Parishioners placed a floral tribute with a message of support in Arabic outside a local mosque the day after the shootings.
Father Al-Bazi said most of his community came to New Zealand seeking a safe place, and the violence that happened in Christchurch is unacceptable.
“I don’t know what we can do for those survivors, for those relatives, the only thing we can do is pray for them and say, ‘This is not New Zealand.’“
At the end of Mass on 18 March, everyone at St. Addai Church sang the national anthem, “God Defend New Zealand” in Maori and in English.
Police were stationed outside the church and told Father Al-Bazi, “It is for your protection.” The priest said he asked the officers to park a little down the road, so as not to alarm Massgoers.
15 March 2019
Tags: Muslim Chaldean Church
Nathalie Piraino, right, embraces Atli Moges, a financial technical adviser at Catholic Relief Services headquarters in Baltimore, following a 14 March 2019, memorial Mass honoring their four colleagues who died in the 10 March crash of Ethiopian Airlines flight 302. Moges spent three years working in Ethiopia, and knew the four. (photo: CNS/Kevin J. Parks, Catholic Review)
Approximately 480 men and women work at the Baltimore headquarters of Catholic Relief Services, the overseas aid and development agency of U.S. Catholics.
None were more affected than Yishak “Isaac” Affin and Atli Moges by the 10 March Ethiopian Airlines crash that took the lives of all 157 on board -- including four who were not just colleagues, but their fellow countrymen and women.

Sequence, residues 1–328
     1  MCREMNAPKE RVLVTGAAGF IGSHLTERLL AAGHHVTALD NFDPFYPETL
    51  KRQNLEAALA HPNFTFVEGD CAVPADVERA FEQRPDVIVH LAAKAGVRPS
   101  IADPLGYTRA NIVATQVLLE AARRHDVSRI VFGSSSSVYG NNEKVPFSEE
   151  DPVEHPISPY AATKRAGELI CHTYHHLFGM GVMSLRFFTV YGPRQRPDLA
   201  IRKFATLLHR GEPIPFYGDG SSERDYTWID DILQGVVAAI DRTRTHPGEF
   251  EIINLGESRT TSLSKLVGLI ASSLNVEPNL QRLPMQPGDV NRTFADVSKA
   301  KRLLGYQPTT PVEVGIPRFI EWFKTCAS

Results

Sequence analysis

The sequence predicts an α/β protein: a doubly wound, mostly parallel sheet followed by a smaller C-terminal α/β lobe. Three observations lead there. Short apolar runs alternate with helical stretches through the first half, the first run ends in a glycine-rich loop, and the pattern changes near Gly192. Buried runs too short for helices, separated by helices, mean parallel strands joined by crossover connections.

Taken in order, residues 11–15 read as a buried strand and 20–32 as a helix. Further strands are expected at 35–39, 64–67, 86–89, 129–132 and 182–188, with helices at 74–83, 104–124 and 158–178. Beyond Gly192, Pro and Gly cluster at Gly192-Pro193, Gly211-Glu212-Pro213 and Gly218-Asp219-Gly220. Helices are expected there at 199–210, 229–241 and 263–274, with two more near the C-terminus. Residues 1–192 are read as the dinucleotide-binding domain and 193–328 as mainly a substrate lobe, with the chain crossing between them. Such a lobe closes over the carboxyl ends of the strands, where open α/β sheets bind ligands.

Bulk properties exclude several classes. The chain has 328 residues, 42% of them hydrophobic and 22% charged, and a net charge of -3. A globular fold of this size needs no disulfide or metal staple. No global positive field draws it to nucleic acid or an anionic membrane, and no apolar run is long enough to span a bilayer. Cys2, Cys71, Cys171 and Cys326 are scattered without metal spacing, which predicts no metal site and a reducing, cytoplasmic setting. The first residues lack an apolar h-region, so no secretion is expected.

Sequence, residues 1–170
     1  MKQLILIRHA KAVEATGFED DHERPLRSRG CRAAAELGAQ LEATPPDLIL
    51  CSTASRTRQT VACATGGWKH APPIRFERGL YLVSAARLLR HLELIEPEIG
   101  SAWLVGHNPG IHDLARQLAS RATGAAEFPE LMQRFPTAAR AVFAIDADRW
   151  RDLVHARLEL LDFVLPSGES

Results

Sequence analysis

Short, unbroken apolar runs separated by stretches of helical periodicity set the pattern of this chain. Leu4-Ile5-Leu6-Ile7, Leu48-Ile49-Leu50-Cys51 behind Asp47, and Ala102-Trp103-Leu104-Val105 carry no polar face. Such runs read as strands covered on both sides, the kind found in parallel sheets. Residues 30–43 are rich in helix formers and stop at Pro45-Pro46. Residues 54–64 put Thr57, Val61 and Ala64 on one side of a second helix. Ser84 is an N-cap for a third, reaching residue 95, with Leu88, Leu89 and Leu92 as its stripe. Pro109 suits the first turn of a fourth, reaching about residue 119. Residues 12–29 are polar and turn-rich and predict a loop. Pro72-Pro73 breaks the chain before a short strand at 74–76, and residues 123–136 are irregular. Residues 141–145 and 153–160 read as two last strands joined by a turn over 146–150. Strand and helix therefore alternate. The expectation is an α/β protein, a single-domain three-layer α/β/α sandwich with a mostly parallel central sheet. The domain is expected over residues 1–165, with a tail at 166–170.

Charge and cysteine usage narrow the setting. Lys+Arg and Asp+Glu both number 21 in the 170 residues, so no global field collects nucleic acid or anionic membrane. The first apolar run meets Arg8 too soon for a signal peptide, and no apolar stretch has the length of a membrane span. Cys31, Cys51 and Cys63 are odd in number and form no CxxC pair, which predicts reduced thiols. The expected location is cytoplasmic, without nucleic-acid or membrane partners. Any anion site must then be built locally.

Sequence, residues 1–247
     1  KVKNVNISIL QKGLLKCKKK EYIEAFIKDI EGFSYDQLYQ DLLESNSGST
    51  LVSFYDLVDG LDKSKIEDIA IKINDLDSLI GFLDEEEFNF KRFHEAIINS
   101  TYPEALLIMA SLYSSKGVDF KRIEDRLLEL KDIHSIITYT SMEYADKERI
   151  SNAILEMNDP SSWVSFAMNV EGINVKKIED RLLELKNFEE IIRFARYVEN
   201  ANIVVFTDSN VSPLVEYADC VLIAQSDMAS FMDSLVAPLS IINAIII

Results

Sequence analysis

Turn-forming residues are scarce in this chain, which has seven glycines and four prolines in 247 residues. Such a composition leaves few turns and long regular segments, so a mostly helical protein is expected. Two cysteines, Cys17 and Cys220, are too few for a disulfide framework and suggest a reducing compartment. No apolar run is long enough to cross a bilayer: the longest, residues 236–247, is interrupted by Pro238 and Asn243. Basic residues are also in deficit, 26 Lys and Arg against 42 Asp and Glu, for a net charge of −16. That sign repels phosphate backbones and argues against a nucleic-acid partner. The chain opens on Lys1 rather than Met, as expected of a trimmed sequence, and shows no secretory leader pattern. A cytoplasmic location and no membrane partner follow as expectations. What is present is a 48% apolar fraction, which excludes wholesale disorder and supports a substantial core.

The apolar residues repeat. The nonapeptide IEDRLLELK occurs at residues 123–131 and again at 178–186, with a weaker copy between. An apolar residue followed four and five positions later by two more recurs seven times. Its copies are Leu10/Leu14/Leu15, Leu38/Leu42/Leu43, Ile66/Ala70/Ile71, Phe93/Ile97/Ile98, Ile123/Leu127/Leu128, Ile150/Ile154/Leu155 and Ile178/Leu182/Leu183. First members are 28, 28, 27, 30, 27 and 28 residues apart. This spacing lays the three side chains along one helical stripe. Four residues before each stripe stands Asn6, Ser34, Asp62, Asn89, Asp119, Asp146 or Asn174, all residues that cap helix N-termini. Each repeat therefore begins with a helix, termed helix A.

Affin and Moges were part of the standing-room-only gathering at the CRS chapel 14 March, when Baltimore Archbishop William E. Lori offered a memorial Mass. His concelebrants included a majority of the 14 bishops who serve on the CRS board of directors, in town for meetings.
Like the four who perished, Moges and Affin are natives of Ethiopia, which has approximately 100 million residents. Almost half lack access to clean water.
Trying to better themselves so that they could better their country, the four CRS administrators were en route to a training session in Nairobi, Kenya, when their flight crashed minutes after takeoff from Addis Ababa, the capital of the east African nation that sits in a region wracked by famine.
“They do their work from their hearts,” Moges told the Catholic Review, Baltimore’s archdiocesan news outlet. “They were the kind of people who stayed in the office until midnight or worked Saturday if that was necessary.”
She speaks from experience.